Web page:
Controlling magnesium’s electrochemical activity to its advantage, Luxfer MEL Technologies (LMT) – formerly Magnesium Elektron – has developed a range of SoluMag magnesium alloys designed to rapidly degrade in fracturing fluid, while also having excellent tensile and compressive strengths. Downhole tools and components made from SoluMag degrade after the hydraulic fracturing step, eliminating the need for the costly drill-out of the plug in a completed well.
The healthcare sector
The number of deaths due to cardiovascular diseases increased by 41% between 1990 and 2013, climbing from 12.3 million deaths globally to 17.3 million, according to the New England Journal of Medicine, 2015. The minimally invasive procedure that’s had the largest impact on cardiovascular disease is arguably percutaneous coronary intervention (PCI), commonly known as coronary angioplasty. This procedure is used to treat stenotic – narrowed – areas of the coronary arteries caused by the accumulation of fatty materials such as cholesterol and triglycerides resulting from atherosclerosis. PCI involves the insertion of a medical device manufactured using biomaterials, known as a coronary stent, into the coronary artery. These stents have made a significant contribution to improving the outcomes of patients suffering from the issues associated with long-term chronic conditions.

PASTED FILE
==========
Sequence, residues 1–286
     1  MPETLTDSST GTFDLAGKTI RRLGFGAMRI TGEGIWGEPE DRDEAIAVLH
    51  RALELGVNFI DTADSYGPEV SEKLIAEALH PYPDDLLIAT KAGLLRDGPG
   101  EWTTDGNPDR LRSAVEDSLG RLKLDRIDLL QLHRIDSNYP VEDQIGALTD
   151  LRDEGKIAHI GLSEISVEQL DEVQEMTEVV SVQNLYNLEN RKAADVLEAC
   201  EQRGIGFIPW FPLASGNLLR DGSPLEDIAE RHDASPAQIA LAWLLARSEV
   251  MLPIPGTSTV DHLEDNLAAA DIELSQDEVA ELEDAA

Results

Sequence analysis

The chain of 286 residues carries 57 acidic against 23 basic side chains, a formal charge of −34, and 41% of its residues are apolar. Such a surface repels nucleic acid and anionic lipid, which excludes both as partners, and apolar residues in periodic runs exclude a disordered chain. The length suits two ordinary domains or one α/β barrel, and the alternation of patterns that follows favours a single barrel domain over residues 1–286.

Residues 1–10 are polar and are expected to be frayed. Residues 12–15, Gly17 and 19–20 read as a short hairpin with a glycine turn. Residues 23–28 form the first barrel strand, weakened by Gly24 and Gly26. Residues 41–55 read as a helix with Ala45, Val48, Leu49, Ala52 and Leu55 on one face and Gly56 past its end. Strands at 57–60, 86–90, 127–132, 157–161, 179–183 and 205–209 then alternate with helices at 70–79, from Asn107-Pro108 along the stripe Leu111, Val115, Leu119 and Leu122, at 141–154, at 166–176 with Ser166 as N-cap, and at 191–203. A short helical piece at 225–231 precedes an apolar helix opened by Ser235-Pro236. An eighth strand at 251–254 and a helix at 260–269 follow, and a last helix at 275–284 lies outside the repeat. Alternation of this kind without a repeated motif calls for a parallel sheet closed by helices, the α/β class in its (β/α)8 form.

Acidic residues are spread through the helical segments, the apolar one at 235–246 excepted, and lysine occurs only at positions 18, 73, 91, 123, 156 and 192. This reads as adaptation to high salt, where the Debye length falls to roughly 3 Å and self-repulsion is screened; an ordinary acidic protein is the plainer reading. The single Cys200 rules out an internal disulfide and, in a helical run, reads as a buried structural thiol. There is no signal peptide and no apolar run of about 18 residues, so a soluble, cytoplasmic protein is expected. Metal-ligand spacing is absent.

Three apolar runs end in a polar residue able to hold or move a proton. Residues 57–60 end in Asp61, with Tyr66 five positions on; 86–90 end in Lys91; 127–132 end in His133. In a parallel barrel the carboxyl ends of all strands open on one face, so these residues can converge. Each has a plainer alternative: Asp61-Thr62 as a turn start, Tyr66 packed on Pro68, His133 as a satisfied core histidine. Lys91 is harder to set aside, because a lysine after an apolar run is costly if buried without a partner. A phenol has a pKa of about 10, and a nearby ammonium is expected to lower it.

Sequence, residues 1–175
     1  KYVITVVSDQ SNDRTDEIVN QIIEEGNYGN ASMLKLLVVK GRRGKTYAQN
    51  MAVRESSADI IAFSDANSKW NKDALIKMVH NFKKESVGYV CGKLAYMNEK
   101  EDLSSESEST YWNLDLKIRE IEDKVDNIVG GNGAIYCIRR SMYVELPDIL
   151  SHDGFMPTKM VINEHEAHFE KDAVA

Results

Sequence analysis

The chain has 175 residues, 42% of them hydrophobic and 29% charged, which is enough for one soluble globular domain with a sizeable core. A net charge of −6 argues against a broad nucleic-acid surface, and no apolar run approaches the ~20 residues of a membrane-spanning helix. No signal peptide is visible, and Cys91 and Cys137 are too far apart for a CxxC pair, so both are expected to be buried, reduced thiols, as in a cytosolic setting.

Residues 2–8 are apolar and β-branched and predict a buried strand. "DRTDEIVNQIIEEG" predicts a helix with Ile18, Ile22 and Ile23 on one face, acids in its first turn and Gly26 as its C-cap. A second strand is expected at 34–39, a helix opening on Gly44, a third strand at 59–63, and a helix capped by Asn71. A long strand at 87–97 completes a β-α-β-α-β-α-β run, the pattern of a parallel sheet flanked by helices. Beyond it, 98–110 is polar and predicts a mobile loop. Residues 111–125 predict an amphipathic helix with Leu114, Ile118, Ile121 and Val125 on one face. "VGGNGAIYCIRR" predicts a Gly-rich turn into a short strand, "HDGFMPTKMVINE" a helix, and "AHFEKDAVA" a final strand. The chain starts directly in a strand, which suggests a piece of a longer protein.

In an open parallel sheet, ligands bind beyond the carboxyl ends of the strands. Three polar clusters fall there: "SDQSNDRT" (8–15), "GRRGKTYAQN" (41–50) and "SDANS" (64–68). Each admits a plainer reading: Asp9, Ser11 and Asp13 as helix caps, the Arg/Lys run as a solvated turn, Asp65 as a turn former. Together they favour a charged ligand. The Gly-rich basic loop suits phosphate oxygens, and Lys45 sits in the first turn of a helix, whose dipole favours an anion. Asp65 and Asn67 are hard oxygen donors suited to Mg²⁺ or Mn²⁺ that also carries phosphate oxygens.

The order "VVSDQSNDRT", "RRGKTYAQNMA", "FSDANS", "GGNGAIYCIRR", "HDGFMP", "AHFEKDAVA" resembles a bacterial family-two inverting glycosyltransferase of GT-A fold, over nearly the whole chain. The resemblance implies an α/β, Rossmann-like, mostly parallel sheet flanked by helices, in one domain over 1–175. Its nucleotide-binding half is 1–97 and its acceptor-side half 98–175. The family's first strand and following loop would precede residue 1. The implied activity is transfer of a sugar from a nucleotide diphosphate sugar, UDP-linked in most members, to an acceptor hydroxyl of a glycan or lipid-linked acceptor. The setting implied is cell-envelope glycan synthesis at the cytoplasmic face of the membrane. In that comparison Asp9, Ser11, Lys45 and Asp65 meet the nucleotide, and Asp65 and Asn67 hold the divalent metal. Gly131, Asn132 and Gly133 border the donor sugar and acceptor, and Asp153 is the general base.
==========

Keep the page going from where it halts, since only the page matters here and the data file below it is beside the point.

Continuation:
Despite these real and positive benefits, permanent stents risk causing the immune system to react, potentially leading to late stent thrombosis, or strut fracture-induced restenosis and coronary vasomotion. Biomedical technology company Biotronik, Germany, has identified an entirely new category of metallic cardiovascular stent, known as a scaffold, which would resorb over time.
Magnesium was selected for use, which is present and an essential mineral within the human body. Luxfer MEL Technologies – Magnesium Elektron – was formerly approached to develop a suitable magnesium alloy for the Biotronik scaffold designs. The two companies entered into a joint R&D programme in 2006 aimed at developing a bioresorbable magnesium coronary scaffold. The ten-year research programme has resulted in LMT’s SynerMag magnesium alloy system being used as the platform material in the Biotronik magnesium scaffold, the world’s first clinically proven magnesium-based bioresorbable scaffold, called Magmaris.